Seth Waxman with Rachel Lubert ’06 (left) and Rebecca Hagenson ’06, winners of Vanderbilt University’s National First Amendment Moot Court Competition

Former United States Solicitor General Seth Waxman spent two days immersed in Law School life, sharing his invaluable experience by discussing a recent Supreme Court victory, leading a Moot Court master class, teaching Constitutional Law, and delivering a public lecture.

In a glowing introduction before the opening lecture, Prof. Susan Crawford said Waxman is known for his teaching, leading, and helping. “Seth makes us all proud of our profession,” Crawford said.

Waxman, one of the country’s premier Supreme Court and appellate advocates and a partner at Wilmer Cutler Pickering Hale and Dorr LLP, lived up to the reputation by graciously inviting the audience to interrupt with questions and injecting humor into his speech. Waxman’s lecture “Who (or What) is the Solicitor General’s Client?” was part of Cardozo’s Bauer Distinguished Visitor Program and covered the role and responsibilities of the Solicitor General, which include representing the United States before the Supreme Court and insuring that the government speaks in one voice in the federal courts. “It probably was a job whose aspirations could never be filled,” Waxman said. Admitting he was unsure where to begin in the role, his response was to “show up for work every day and figure out how it’s done,” adding that arguing in front of the Supreme Court is “great, wonderful fun.”

Continuing the visit, Waxman, who has delivered more than 40 oral arguments in the Supreme Court, began the second day at Cardozo by leading Prof. Michael Herz’s Constitutional Law class. Jokingly promising a higher grade to anyone who asked a question, including the Hon. Olivier Dutheillet de Lamothe, Justice at the French Constitutional Council who was in attendance, Waxman discussed his recent Supreme Court win in the juvenile death penalty case Roper v. Simmons.

He discussed the Eighth Amendment and various cases involving the death penalty before talking about the preparation for Roper, in which the court ruled on March 1, 2005 that the death penalty is unconstitutional for anyone who commits a crime when under the age of 18. “We needed to write the perfect brief,” Waxman said. Representing Christopher Simmons, who murdered a neighbor when he was 17 years old and was sentenced to death, Waxman invoked “evolving standards of decency” and social science research that suggests personalities and moral character are unformed in those under 18.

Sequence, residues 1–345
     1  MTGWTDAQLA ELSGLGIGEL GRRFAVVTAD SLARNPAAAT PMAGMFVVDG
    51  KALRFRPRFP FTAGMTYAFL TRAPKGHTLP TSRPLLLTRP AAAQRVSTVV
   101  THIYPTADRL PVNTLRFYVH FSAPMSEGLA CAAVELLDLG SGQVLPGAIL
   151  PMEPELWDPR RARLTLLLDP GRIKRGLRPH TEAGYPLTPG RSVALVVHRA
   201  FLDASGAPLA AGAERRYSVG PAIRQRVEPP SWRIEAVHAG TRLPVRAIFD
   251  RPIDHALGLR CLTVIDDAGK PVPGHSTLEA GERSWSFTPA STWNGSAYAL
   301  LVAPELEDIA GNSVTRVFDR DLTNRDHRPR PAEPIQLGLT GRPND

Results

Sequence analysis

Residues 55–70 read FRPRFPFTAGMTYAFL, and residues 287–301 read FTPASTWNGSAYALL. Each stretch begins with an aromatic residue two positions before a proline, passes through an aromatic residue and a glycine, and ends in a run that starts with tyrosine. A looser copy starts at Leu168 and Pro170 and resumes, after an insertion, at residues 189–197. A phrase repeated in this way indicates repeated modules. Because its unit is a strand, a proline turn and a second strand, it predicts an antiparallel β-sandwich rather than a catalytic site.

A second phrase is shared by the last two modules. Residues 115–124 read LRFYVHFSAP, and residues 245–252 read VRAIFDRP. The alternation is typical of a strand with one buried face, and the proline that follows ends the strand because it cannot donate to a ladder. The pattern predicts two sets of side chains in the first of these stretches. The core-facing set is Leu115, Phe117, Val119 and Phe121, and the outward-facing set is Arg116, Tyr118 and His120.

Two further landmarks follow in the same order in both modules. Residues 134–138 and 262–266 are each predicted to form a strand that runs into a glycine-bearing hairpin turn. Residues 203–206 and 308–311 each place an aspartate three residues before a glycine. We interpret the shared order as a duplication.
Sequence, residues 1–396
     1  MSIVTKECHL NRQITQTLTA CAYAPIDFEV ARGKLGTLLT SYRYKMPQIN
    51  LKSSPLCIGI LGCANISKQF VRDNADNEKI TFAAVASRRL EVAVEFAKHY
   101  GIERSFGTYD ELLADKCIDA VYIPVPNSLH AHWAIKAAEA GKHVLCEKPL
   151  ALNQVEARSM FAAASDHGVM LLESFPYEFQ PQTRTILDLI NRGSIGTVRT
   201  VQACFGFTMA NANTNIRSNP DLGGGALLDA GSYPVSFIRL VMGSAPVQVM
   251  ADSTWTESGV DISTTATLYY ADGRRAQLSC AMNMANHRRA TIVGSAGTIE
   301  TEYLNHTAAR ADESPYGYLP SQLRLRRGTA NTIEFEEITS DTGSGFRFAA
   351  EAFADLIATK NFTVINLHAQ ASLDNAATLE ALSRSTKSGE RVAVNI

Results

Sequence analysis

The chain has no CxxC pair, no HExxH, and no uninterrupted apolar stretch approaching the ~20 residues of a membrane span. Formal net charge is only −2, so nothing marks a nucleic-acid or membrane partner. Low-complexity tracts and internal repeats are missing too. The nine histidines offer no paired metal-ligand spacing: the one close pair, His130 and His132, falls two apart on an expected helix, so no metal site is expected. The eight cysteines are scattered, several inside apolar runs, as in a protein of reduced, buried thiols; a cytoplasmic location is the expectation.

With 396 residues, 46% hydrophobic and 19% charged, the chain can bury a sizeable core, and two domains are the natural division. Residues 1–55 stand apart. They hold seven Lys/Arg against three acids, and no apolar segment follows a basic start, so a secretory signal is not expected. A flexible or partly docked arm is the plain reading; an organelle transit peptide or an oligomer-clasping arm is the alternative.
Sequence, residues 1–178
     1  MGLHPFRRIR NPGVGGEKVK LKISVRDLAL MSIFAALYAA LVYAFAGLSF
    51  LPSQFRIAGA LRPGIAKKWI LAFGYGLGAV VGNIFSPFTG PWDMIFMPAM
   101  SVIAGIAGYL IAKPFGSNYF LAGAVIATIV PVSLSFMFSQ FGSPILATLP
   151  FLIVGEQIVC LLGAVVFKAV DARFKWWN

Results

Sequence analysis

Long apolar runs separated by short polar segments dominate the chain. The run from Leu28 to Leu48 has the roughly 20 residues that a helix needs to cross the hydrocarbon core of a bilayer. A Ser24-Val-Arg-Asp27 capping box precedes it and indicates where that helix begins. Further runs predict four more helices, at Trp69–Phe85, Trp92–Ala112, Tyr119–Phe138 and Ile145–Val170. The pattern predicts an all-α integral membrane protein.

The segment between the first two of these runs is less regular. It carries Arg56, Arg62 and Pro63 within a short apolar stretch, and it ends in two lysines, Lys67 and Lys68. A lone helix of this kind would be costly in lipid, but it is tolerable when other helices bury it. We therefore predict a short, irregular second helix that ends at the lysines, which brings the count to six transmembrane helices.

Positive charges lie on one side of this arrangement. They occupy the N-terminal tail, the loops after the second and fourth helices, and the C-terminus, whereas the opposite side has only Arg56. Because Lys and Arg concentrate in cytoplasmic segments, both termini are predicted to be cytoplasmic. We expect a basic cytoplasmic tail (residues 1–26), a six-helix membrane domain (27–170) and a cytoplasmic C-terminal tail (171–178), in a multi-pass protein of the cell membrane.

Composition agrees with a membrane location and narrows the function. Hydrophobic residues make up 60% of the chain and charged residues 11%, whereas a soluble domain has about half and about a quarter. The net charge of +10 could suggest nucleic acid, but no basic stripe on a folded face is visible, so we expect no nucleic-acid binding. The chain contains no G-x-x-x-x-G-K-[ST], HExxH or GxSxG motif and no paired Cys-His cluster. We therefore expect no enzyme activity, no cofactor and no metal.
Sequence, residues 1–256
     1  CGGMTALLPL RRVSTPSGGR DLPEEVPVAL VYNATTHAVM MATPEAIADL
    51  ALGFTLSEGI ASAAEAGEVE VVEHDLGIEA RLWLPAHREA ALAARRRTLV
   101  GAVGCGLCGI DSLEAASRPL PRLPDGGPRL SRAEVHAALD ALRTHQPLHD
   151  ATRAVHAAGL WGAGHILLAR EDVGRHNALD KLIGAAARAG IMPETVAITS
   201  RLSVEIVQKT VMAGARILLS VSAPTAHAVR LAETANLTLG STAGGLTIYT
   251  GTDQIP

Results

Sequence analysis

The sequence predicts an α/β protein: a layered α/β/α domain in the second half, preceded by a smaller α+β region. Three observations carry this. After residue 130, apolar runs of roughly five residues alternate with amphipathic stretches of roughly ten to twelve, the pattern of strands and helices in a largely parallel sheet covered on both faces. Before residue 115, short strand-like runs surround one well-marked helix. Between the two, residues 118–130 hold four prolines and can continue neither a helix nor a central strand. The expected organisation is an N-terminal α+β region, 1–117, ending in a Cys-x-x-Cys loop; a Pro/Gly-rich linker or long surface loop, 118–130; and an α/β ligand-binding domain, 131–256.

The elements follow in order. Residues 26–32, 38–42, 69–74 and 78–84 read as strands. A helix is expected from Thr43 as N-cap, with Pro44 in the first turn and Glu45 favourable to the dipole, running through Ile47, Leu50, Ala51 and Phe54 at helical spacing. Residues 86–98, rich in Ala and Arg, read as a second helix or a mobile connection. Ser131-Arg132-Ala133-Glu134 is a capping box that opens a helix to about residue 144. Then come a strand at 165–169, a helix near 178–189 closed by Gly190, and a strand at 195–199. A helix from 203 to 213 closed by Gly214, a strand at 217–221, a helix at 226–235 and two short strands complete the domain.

After having lunch with another group of students, Waxman held a Moot Court master class. Second-year students Rachel Lubert and Rebecca Hagenson, fresh from their victory in Vanderbilt University’s National First Amendment Moot Court Competition, presented their oral arguments to Waxman and fellow students.

“This was really a pleasure,” Waxman said. “It’s quite obvious why you won.” He also offered practical advice, encouraging the students to prepare and recite their most important one or two points right off the bat. Admitting that justices probably don’t want to be considered pupils, he nonetheless encouraged everyone to think of judges as students when answering their questions. “This is all about teaching,” Waxman said. “It’s about trying to explain something.”

OTHER VISITORS
The Uri and Caroline Bauer Distinguished Visitor Program, which began this year, brings prominent speakers to Cardozo to deliver a public lecture and present a smaller talk to Cardozo faculty and students. In addition to Mr. Waxman, this year’s visitors were Thane Rosenbaum, professor of law at Fordham University and a visiting professor at Cardozo this spring, who spoke on “The Myth of Moral Justice,” and Martha Nussbaum, a professor of law and ethics at the University of Chicago Law School, whose talk was titled “Capabilities and Disabilities: Beyond the Social Contract.”

Sunstein Delivers Bauer Lecture on “The Right to Marry”



Eminent constitutional law scholar Cass Sunstein delivered a provocative lecture on an increasingly controversial and political topic, “The Right to Marry,” addressing a packed audience of students, faculty, and guests at the Uriel and Caroline Bauer Memorial Lecture.

Sunstein, the Karl N. Llewellyn Distinguished Professor of Jurisprudence at the University of Chicago, discussed the nature and scope of the right to marry. He argued that marriage should be understood as a licensing scheme and discussed whether marriage, in this view, should exist at all.

Sunstein explained that a marriage certificate provides “public legitimation and endorsement” as well as a set of material benefits, such as legal entitlements, ownership benefits, and the power of surrogate decision making. “They make life a lot easier,” Sunstein said.

He shared his personal view that he does not support the proposed constitutional amendment to ban same-sex marriages. Sunstein said it is “way premature for the Supreme Court to enter into that debate,” and that it’s an “area in which federal courts should tread very cautiously.”